After the public lands, which were originally claimed by the states, had been transfered to the General Government, it was a policy of Congress to keep the lands vacant until they had been surveyed and provisions made for their sale.
     In 1785, two years before the Ohio Company purchased this land, Gen. Richard Butler was sent down the Ohio river for the purpose of warning any squatters he might find to vacate their claims.  He says in his journal. “Oct.

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8.  Found settlers on the head of the first island below the Little Hbckhocking and also on the Ohio shore further down the river.”  “To the people on the island who seemed to be very reasonable people and the women appeared clean and neatly dressed, he sent some proclamations warning them off the island but sterner measures were resorted to in the case of the settlers below.  (Craigs olden times 1847.)  Gen. Butler also refers to the large stone at the mouth of the Little Hockhocking.  The island mentioned was doubtless Mustapha.”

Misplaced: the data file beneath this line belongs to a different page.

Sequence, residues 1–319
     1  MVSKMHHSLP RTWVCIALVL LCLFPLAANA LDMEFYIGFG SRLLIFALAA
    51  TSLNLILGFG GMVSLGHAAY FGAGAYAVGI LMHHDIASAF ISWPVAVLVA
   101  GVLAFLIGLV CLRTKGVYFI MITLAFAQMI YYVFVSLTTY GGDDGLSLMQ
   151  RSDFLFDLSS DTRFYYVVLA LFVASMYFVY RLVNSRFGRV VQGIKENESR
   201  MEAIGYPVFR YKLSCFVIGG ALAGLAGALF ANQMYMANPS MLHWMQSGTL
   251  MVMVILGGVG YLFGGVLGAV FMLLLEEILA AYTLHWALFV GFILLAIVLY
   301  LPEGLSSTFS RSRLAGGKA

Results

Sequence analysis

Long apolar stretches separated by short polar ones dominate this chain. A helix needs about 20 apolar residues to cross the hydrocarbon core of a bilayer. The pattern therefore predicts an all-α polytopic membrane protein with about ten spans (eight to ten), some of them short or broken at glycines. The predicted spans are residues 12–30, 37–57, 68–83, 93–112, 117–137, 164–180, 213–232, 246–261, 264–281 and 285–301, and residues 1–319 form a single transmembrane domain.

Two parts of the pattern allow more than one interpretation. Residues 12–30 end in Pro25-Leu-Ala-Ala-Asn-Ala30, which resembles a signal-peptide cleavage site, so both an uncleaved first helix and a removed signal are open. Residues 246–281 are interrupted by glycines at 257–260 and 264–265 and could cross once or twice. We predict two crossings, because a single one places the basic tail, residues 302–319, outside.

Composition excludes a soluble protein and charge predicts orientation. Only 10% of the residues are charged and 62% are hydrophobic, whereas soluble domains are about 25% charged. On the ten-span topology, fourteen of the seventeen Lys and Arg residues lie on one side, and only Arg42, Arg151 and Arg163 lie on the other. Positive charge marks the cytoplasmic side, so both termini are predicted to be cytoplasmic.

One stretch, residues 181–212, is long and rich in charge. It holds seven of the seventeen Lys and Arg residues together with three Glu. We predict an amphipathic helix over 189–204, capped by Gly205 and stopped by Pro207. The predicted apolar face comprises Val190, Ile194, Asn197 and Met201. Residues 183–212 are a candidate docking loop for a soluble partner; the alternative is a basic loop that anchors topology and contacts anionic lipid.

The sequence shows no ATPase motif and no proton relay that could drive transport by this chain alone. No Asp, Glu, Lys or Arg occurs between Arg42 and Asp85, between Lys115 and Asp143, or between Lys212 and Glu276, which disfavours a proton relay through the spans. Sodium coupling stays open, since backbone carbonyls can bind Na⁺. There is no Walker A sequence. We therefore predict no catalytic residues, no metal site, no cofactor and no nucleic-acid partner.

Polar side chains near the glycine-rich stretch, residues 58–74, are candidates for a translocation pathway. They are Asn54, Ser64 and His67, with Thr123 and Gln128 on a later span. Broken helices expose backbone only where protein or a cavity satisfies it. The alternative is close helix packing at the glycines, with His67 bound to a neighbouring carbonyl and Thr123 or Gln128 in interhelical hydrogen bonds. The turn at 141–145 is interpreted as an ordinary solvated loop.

The army officers who settled in Marietta and Belpre had very high esteem for the French, who had aided us in the dark days of the Revolution both with money and men and without this aid we might have failed to secure our independence.  This esteem is preserved in the names given to these places.  The principal city in the settlement was honored with the name of the beautiful Queen Mane Antionette shortened to Marietta, and the first out station was Belle prairie (beautiful meadow) contracted to Belpre.